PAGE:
Continued and prolonged exposure to loud sounds has been known to elevate stress levels and indirectly contribute to altered blood pressure levels, diabetes and increased risk of cardiovascular diseases. These problems aggravate as one grows older and puts increased stress on the individual, doctors have pointed out.
The health hazards of chronic exposure to noise or unwanted sounds were the focus of a recent discussion on ‘Sound Pollution' organised by the Indian Medical Association in association with the Science International.
“Chronic exposure to noise has a physiological and psychological effect on an individual. If the physiological effect could be anything from decreased hearing ability to increased risk of cardiovascular diseases, psychologically, exposure to unwanted, loud sounds over days can lead to irritation, annoyance and aggressive behaviour, affecting one's personality,” Marthanda Pillai, former professor of Neuro Surgery, Medical College Hospital, who is also the founder-chairman of Ananthapuri Hospitals here, said.
He said that noise-induced hearing loss and progressive loss of hearing ability because of constant exposure to loud sounds were much more common than one would like to believe. Elevated stress levels due to loud sounds would affect one's sleep, decrease concentration or attention levels and would affect one's productivity and performance at workplace, he pointed out.
“Sound sleep is crucial to one's health and well being. It energises and recharges the individual and is essential for one's physical and mental health. Sleep deprivation can result in chronic fatigue, headaches and affect workplace behaviour,” Dr. Pillai added.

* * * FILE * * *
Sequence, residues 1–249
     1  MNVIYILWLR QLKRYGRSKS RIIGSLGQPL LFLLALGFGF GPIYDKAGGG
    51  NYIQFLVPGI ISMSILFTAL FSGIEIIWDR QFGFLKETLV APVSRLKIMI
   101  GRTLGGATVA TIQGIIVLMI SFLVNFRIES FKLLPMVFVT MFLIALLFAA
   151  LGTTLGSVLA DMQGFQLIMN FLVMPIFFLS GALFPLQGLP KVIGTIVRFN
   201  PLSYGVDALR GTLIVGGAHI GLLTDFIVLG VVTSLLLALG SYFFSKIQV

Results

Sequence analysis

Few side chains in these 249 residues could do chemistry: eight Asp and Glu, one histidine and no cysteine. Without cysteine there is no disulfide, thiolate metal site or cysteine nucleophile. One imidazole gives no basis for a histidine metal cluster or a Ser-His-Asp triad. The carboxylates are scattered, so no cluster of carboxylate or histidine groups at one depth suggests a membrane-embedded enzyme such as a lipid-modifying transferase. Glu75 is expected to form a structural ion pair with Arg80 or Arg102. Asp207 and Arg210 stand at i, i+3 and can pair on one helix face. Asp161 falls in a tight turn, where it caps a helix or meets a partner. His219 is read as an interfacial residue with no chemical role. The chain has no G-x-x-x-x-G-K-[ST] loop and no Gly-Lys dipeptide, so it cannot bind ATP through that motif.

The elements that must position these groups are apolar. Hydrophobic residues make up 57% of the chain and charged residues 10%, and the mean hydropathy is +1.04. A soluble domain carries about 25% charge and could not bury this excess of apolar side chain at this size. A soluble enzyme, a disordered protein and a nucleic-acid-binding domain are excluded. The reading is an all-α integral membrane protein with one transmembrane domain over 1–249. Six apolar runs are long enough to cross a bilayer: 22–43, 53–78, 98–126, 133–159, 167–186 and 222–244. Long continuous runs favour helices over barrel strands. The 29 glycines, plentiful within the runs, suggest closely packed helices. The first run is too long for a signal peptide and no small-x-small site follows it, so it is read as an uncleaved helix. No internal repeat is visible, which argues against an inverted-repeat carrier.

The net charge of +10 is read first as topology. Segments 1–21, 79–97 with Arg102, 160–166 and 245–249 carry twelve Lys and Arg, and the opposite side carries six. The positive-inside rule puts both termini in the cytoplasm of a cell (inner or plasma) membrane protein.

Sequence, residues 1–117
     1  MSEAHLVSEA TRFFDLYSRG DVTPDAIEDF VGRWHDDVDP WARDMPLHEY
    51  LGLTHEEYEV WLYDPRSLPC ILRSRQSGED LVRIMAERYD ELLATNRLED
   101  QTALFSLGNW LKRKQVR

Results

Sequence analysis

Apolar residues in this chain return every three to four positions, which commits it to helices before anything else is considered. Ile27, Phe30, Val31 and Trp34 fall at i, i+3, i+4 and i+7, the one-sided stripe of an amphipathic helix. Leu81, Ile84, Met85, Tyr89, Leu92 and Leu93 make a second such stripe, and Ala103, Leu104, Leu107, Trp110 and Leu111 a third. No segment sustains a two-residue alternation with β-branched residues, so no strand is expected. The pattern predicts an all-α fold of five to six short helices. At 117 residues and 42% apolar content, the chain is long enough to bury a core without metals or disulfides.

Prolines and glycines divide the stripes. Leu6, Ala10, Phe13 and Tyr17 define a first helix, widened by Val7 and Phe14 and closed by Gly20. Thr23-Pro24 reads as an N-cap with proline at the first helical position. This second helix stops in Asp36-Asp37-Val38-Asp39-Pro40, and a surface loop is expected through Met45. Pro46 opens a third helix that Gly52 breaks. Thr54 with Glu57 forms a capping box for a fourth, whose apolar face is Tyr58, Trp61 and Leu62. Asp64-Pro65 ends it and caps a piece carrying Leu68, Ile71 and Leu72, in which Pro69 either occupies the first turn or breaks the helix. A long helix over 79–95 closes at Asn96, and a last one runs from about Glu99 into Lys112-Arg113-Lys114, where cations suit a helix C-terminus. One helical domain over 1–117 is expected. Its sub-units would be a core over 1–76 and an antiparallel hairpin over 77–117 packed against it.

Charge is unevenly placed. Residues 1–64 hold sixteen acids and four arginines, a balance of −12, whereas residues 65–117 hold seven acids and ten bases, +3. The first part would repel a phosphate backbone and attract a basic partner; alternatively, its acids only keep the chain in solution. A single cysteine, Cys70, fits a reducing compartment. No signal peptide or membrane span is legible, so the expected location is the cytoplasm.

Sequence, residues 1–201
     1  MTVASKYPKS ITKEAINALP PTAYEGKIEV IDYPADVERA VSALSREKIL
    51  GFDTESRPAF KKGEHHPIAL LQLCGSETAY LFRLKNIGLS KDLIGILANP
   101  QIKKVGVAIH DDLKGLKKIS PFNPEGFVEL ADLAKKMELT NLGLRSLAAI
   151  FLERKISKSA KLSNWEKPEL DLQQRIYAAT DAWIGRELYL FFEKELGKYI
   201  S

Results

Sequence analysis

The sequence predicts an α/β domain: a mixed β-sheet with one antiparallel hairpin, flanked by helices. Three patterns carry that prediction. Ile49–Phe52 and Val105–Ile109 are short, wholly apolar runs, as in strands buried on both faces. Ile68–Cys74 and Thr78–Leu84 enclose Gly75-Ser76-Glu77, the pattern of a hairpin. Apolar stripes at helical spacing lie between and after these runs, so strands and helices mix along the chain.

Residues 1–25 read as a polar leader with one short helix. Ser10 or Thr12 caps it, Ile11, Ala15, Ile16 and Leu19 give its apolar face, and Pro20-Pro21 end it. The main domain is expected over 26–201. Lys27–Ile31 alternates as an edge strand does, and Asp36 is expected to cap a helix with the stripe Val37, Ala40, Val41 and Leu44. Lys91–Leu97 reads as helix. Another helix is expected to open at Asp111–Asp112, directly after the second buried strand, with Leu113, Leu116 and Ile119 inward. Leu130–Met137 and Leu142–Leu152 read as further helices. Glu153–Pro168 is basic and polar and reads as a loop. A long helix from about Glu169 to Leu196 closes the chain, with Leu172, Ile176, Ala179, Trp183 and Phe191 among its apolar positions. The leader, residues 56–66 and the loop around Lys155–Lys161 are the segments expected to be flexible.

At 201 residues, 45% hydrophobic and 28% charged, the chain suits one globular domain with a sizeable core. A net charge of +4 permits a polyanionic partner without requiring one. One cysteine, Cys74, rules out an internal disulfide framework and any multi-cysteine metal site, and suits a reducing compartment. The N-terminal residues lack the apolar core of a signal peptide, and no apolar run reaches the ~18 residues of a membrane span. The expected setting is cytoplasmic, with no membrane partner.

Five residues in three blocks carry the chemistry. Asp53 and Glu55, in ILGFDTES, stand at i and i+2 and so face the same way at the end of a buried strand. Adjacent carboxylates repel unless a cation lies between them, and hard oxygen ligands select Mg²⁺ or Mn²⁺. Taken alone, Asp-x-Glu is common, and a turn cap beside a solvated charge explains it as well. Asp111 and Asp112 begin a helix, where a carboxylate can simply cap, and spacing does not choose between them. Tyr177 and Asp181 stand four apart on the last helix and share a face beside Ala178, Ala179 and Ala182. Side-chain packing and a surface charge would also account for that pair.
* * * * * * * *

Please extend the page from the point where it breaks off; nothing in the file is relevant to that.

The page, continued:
Problems of sleep deprivation and heightened stress levels were becoming increasingly common in many households during the festival seasons, when huge sound boxes blared from all directions. More awareness should be created of the health problems caused by noise pollution among the public so that people were forced to follow the regulations regarding decibel levels, especially during the night hours, he said.
G. Shanker, architect, who spoke about sound pollution and environment, pointed out that from time immemorial, the finer talents of human beings were awakened by the sounds of silence. The silent hours of dawn or night were very important for musicians and other creative professionals such as writers. But such silent hours were becoming a rarity these days, he said.
He also felt that in the environment, the disappearance of house sparrows and other local species of birds had something to do with the sound waves emitted by the mobile towers around us.
Mohanan Pillai, lawyer, who spoke about the legal aspects regarding sound pollution pointed out that the current laws regarding decibel levels were quite adequate but that these remained on paper because of the lack of political will to implement it. Organised public movement against violation of decibel levels and laws governing the use of sound boxes alone could bring about any positive changes in this regard, he added.
The seminar was inaugurated by Chief Secretary K. Jayakumar. Senior IMA officials and Thiruvananthapuram Medical College faculty were present on the occasion.